Although as a city I think Boston is awesome, at 4 hours, it’s a bit of a drive, so I don’t head down there very often. I think that the old architecture, the medley of people attracted by a big-city-status, and its unique attitude are all quite charming. As a place to drive, however, I think that we almost died about 40,000 times. When my sister went to Cairo, she told me about the fact that there are almost no road-rules, so stepping into the street is like hopping into a Flood of Imminent Death. Now that I have experienced Boston traffic, I can tell her that such lawless abandon and auto-aggression lies much closer to home.
Accompanying Visualist Roukun and I left around 6AM Friday morning. After the basics of arrival were taken care of (check-in, etc), we decided it would be a good idea to drive into Allston and scope out the venue beforehand to lessen the chances of stress later. It’s highly fortunate that we did so, as we ended up going the wrong direction and getting caught in some hell-trap of ultimate doom called Massachusetts Ave. which was, needless to say, nowhere near the venue. Around 3PM we finally found Harper’s Ferry, located right on one of the main strips of Allston– a hive of Korean karaoke, restaurants, and an extremely popular liquor store. At that time, the line was still really short– consisting primarily of the extremely hardcore who had apparently camped out overnight in order to be first in line.
We ended up getting in line around 6PM, two hours before doors opened. The line had grown so that it actually wrapped around the building, but it was still an utterly do-able situation. Although we had two hours to wait, we were positioned between the club and the aforementioned liquor store, right on an insane intersection where we could watch hundreds of people encounter near-death-experiences without even realizing it. During the wait, countless people stared, yelled out of car-windows and from passing bicycles, and stopped at points on the line trying to figure out what so many heavily-decked-out people were doing. A lot of them thought we were waiting to get into the liquor store. Try and trace that logic– I couldn’t do it. People along the line responded to the question “What are you guys waiting for?” over and over. “We’re waiting for Miyavi!” “Who?” “Miyavi. A Japanese superstar.” “Oh, never heard of him.” Understanding that people have different interests, I still have to make this annoying comment. Oh people, how do you sustain meaning and fulfillment in your existences?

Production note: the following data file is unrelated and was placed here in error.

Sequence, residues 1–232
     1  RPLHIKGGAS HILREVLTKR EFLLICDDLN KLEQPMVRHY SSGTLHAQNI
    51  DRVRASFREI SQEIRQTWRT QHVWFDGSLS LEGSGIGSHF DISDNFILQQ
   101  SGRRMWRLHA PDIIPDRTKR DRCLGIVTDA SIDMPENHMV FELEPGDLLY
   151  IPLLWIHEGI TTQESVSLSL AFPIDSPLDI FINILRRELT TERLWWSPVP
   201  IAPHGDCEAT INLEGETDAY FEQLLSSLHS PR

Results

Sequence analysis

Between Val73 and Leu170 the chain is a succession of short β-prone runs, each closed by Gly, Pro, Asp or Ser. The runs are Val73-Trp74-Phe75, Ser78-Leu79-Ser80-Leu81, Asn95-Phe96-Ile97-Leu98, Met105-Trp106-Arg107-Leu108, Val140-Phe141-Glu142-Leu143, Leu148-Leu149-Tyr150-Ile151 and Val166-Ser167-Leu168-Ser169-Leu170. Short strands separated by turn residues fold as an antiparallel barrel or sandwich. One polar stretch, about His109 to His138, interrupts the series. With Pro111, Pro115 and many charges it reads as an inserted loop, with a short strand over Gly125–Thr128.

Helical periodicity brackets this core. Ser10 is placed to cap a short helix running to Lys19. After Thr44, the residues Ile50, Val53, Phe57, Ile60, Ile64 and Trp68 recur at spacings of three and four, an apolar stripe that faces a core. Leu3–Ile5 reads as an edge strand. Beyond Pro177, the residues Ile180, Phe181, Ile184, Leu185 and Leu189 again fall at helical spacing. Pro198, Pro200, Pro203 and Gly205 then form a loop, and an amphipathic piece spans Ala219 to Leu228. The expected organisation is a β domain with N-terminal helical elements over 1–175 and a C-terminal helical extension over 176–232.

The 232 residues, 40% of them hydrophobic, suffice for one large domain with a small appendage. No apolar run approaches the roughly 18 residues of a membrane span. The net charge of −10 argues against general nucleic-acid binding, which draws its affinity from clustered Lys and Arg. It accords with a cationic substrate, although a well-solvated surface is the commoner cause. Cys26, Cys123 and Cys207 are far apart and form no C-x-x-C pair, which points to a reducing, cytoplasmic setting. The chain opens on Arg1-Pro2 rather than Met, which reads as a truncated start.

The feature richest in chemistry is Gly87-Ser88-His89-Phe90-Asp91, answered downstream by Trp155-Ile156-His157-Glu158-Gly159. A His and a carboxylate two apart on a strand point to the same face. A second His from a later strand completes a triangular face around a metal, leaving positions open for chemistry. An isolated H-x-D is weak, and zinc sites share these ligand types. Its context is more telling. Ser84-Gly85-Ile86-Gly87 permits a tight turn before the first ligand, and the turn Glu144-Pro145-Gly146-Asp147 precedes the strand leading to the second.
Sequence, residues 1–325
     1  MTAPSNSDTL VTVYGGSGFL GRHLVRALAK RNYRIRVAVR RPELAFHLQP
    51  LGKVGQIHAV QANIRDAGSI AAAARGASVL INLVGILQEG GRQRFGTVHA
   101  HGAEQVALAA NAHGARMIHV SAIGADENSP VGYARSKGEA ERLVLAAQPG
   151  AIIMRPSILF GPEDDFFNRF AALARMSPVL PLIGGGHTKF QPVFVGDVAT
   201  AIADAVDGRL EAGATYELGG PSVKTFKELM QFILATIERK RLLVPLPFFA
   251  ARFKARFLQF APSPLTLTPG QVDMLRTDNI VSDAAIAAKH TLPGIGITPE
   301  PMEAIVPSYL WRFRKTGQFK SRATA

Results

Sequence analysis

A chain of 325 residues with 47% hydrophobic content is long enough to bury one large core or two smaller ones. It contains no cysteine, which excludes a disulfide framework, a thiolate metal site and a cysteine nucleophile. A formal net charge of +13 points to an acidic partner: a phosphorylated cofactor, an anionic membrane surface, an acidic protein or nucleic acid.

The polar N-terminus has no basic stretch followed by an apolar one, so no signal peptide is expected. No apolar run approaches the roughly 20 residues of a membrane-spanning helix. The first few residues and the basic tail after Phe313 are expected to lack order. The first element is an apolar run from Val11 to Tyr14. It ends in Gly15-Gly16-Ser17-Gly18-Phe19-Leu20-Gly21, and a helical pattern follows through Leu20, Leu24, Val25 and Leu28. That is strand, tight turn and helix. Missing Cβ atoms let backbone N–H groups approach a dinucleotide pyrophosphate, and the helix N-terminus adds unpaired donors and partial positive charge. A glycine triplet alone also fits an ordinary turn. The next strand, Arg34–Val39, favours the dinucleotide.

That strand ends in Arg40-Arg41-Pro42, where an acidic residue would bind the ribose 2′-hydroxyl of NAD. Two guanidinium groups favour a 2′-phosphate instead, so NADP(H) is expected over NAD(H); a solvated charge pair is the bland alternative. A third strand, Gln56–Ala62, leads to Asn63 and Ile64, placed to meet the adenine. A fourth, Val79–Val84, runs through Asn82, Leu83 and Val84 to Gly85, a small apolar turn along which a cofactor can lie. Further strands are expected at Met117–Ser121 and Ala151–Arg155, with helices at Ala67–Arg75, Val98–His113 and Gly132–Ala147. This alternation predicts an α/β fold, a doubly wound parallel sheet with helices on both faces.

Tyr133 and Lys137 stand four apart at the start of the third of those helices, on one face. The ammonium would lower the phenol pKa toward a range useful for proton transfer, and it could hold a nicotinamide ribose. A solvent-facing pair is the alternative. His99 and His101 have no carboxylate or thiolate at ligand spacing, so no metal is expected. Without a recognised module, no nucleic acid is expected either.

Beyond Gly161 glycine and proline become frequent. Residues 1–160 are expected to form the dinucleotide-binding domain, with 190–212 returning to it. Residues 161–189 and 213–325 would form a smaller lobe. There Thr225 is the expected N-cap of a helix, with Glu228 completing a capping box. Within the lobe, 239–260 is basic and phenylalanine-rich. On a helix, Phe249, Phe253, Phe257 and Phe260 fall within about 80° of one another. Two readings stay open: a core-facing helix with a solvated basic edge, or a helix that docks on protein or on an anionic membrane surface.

Finally the clock struck 8PM and the line started moving. Waiting for a show is a strange mixture of experiences. On one hand you’re standing on the street for multiple hours. This is not something the average person chooses as an entertaining pastime. On the other hand, the excitement, nerves, and adrenaline that starts coursing through your veins while the seconds tick by is an awesome rush that builds steadily. You’re bored, and yet you’re having the time of your life. At about 7:50 you realize you’re there to see MIYAVI. At about 8:10 your segment of the queue gets funneled into the club in a tiny cluster, and you’re hustled through black-marker, wrist-band, and ticket-stub procedure, and sent into heaving bass background music, dim red and purple lights, crowds of murmuring gothic teenage girls with green hair, and one of those heavenly creations sent down to us by higher-beings: the merchandise stand.
The merchandise was slightly disappointing– according to consensus vote. But pretend I didn’t say that. The selection was slightly different from the other reports I read. They had white (girls’) T-shirt, black (guys’) T-shirt, girls’ and guys’ tank-tops, the tote bag, pen, and a poster which apparently other lives didn’t get. I ended up buying the pen, poster, (guy’s) tank-top, and Roukun got the tour t-shirt. Just as a note, by the end of the show the tote bag and some of the t-shirt sizes had sold out.
We found a great place to stand near the stage, settling in around 8:15-8:20. Our spot was dead-center, four or five people back from the barrier. The stage was positioned so that people could wrap around three angles, and the stage was set up with 5 mics at different points, so not everyone had to try and stand directly in front of one mic, which was awesome. At this point, I would like to make a special shout-out to the really sweet woman we queued-up with/stood with during the show. It was awesome talking to her, and we were glad we got to watch the performance with her! Sorry that we didn’t get a chance to say goodbye at the end.
People milled around for a while, and then as it got closer to 9:00, started packing in around the stage. The club was getting intensely hot, and everyone was starting to get impatient. The purple and red lights, although dim, created a stifling atmosphere, and along with the pulsing background music and stale air only seemed to encourage people’s antsiness. As the wait stretched from five to ten to fifteen minutes, one of my favorite parts of Jrock lives began to unfold. As the wait-time grew beyond the scheduled start time, the little black door leading from backstage became the axle of time and space, the focal point of all human obsession. And every time that door opened and someone stepped out, the crowd would squeal, scream, wave their arms, and roar MIYAVI’s name. And every single time, it was a crew member stepping out to tune guitars and arrange mics. This happened probably three or four times. I swear, MIYAVI doesn’t even have to come out. The sound-guy can just stand there tuning his guitar and the crowd will be totally satisfied. The crew member was smiling and shaking his head like “these crazy Americans…”
Images: Roukun (2,3), gacktpause (1,4,5)